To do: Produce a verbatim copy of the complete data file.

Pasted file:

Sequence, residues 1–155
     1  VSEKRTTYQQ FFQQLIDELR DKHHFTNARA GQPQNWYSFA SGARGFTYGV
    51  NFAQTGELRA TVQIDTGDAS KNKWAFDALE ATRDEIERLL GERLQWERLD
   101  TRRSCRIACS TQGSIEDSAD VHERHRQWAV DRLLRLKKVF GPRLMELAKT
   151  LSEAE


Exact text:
Sequence, residues 1–155
     1  VSEKRTTYQQ FFQQLIDELR DKHHFTNARA GQPQNWYSFA SGARGFTYGV
    51  NFAQTGELRA TVQIDTGDAS KNKWAFDALE ATRDEIERLL GERLQWERLD
   101  TRRSCRIACS TQGSIEDSAD VHERHRQWAV DRLLRLKKVF GPRLMELAKT
   151  LSEAE